SO quietly, so gently did
she come at last, that the precise moment of her arrival, might have
eluded us, had we not been keeping vigil for an hour against her coming.
Standing there in the velvet darkness of the winter night with no sound
save the rise and fall of each other's breathing, the soft crunch of snow
as we moved our frozen feet, we had become spellbound and drowsy, stunned
by the weight of the silence around us, completely detached from the
outside world. ourselves as part of the Eternal Calm.
The darkness pressed so close upon us that we could see nothing but the
shadowy outline of each other; but all around and beyond we could feel the
great hills gathered in meditation; and we knew that they, too, were
waiting to share in a rite as old as the Earth.
For what seemed an eternity, we stood wordless bef6re the mystic altar of
our faith -- and slowly, imperceptibly, desolation crept upon us. We were
cold and lost and over-powered by the emptiness, more bitterly alone than
the loneliest of the mountains. And there was no Heaven, no Earth anywhere
any more -- only a great, unbreakable, unbearable Silence. . . .
AND then a spark leapt and flickered somewhere in the darkness -- a tiny
sound, rather felt than heard, echoed across the dead hills; while, away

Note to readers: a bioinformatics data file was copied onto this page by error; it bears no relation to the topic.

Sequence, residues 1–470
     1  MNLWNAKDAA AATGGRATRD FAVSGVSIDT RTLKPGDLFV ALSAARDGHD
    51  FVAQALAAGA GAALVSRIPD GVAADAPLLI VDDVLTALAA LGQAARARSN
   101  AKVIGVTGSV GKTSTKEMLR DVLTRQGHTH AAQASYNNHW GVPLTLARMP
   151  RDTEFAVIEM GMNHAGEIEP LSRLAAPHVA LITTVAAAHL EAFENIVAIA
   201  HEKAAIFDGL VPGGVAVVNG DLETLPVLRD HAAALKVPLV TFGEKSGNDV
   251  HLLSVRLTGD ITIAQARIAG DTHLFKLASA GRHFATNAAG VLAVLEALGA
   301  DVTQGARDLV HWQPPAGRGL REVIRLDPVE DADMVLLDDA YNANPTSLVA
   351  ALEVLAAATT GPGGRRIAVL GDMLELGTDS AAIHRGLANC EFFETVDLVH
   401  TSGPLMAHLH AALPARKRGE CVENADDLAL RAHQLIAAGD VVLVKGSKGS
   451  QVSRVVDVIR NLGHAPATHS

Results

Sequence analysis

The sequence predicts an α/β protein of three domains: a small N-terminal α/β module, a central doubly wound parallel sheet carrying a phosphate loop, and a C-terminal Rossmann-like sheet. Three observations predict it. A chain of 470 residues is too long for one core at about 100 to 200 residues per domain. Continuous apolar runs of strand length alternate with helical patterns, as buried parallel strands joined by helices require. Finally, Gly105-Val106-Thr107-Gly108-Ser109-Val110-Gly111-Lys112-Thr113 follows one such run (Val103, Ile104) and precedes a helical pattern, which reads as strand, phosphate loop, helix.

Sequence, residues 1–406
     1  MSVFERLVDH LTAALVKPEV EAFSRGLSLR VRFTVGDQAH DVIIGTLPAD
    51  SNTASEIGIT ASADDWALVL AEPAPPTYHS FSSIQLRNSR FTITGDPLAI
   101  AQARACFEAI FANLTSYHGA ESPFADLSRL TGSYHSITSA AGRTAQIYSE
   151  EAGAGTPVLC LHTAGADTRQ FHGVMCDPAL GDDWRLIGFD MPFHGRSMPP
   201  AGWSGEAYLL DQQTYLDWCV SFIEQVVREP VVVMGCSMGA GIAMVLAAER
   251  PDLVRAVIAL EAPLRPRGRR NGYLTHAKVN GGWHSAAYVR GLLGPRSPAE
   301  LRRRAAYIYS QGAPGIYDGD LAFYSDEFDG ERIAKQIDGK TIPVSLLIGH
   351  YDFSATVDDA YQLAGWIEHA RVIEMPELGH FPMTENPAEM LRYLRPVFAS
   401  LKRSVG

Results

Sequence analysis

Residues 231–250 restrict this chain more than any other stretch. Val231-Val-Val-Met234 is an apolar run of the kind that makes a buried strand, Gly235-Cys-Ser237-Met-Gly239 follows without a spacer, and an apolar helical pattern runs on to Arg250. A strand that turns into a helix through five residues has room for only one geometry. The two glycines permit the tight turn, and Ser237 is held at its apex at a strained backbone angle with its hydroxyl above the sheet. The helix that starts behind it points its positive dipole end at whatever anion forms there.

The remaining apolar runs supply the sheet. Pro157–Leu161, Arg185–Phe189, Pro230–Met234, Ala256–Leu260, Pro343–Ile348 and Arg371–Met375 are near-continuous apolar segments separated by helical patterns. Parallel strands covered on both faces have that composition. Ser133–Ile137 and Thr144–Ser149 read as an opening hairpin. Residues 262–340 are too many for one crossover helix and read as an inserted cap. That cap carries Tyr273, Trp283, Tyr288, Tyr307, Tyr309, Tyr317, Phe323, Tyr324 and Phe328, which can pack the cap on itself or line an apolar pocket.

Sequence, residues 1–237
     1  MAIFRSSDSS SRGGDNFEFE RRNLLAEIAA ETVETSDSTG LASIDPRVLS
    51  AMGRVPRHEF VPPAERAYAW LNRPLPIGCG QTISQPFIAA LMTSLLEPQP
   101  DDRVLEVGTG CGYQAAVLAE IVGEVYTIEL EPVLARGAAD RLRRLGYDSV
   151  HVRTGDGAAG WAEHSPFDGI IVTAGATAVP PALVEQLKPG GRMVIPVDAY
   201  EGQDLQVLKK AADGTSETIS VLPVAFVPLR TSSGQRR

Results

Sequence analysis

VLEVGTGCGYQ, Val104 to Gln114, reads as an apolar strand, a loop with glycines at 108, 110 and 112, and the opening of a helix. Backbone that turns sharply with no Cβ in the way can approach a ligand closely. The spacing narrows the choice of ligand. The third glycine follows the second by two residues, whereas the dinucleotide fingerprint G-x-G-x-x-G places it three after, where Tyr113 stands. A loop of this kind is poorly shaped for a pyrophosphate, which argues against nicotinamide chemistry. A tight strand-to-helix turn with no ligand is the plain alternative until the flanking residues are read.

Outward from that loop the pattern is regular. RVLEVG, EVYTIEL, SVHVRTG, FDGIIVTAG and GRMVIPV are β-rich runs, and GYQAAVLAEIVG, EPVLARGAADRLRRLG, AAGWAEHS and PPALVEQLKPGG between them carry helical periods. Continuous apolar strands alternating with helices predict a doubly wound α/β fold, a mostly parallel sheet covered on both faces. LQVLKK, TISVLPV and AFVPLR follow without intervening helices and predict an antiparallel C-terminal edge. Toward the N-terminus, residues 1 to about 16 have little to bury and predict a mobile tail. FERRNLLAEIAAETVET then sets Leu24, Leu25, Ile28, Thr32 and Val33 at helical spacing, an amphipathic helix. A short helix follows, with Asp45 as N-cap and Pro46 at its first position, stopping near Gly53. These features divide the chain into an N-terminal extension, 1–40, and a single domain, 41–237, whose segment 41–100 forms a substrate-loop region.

in the East, a single streak of purest gold heralded the birth of the new
Hardly breathing now, we stood tense and still, watching the shining
ribbon quiver and lengthen, trembling across the tops of the highest
hills. New life began to stir in us like a flame; and, even as the pagan
sun-worshippers of old, we lifted our heads and stretched welcoming hands
to greet the Priestess of the Dawn.
She came walking on a pathway of light between the dying stars; and, all
around us, the quiet hills turned to rose and gold, and then to blinding
silver as the snow caught the rays of the rising sun. Subtly, the darkness
folded her cloak about her and withdrew, and the first pearly ribbons of
morning mist clung like a garland around the brow of the highest peak.
Warmth and light crept softly to where we stood, encircling us like a
charm and, in a moment of wonder, we felt that we, too, had been part of
the miracle of renewal -- that we, too, had died with the night and been
born again with the new day.
Winter amid the Peaks, Beinn Eighe, Kinlochewe